OpenRefine in Action: Working with Strings

OpenRefine has already proved a valuable tool in the workplace. Days after Tom’s first session I produced a set of CSV files with usage data from Harvard’s library reporting system. I wanted to upload and share the data in a Google spreadsheet, but first had to modify the date information to enable sorting and filtering.

First I tried the Text Import Wizard in Excel.  The resulting spreadsheet was a mess; much manual clean-up would have been needed to make the data presentable. (It might have worked if I hadn’t missed Lynn Cherney’s Excel training!)

OpenRefine handled the import much better. Data lined up in neat columns, and it was easy to apply text faceting to review the content for errors.

With the project created, I started working on the date columns. One of the options under Edit cells > Common transformations is ‘To date’. Selecting ‘to date’ transformed days and months from names into numbers. For example Monday, June 16, 2008 became 2008-06-16. The transform worked very well, but it was not complete. For some reason there were still several rows on each page that were not changed.

In a small data set it would be easy to adjust a few cells manually.  Moving the mouse to a cell and clicking the blue edit button brings up a list of data types. I selected date from the list, clicked Apply and the date was transformed. But there were too many rows to do the transform manually.

I used ‘Undo’ to restore the dates to text, then decided to try the custom transform functions. I read through the documentation on string functions, experimented, and used ‘Undo’ a lot.  I found in OpenRefine Recipes an example where split and join were used to extract and reorder text segments. Using the recipe as a model, I created an expression that removed the first segment containing the day text and then joined the remaining two segments with a  space “ “ –as shown below.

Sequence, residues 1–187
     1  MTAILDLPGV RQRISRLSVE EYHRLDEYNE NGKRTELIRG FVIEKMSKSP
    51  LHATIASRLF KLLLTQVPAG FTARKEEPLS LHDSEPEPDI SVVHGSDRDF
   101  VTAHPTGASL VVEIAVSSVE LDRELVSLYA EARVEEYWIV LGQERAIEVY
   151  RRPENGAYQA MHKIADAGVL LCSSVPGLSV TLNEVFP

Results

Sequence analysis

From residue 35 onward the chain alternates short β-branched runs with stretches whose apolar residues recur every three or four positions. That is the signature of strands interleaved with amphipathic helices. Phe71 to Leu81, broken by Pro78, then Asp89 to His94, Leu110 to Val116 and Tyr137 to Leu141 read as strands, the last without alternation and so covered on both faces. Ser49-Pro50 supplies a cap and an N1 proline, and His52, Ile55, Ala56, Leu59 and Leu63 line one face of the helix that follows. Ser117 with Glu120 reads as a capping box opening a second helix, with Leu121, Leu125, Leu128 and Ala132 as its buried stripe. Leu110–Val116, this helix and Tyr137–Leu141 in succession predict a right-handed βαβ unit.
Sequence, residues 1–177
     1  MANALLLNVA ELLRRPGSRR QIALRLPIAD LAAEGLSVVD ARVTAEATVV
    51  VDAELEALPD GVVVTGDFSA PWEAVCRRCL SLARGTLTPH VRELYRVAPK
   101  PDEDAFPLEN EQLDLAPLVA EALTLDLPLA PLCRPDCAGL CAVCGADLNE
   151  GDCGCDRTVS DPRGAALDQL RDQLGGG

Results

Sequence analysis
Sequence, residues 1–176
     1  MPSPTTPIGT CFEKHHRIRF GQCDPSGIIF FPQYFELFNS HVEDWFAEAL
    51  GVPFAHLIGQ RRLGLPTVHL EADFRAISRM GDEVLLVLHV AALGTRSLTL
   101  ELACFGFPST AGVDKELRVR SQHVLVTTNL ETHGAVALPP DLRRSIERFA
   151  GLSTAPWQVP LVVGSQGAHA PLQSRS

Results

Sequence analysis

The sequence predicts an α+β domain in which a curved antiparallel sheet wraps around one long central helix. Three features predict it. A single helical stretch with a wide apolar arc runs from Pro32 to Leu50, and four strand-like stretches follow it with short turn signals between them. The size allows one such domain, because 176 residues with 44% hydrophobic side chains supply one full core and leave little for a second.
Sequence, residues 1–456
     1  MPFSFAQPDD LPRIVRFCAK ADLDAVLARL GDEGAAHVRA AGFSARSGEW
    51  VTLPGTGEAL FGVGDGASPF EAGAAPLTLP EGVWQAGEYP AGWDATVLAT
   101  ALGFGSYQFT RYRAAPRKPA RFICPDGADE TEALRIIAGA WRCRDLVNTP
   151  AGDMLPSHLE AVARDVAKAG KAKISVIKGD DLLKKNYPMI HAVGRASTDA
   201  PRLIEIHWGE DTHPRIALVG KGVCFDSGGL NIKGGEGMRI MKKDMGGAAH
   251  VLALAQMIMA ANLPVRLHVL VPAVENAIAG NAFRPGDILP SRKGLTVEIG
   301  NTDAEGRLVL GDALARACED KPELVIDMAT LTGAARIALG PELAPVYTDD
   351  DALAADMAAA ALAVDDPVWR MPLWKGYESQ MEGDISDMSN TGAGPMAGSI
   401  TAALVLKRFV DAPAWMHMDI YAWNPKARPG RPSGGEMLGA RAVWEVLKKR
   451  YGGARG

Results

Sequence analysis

split and join

Time stamp information was  then removed from the end of the modified string using an expression that Tom taught us in class: value[0, -11] 

The substring function also came in handy.  Again working from the Recipes, I used substring to extract the first six characters of the text and then combine them with the 4-digit year at the end. Substring worked well in this context because each element was a fixed length.


Creating the expressions took time, but definitely less time than manual clean-up, and ultimately less time than other available tools  because the expressions were applied to multiple files. As the learning curve levels out OpenRefine is becoming a real time-saver!

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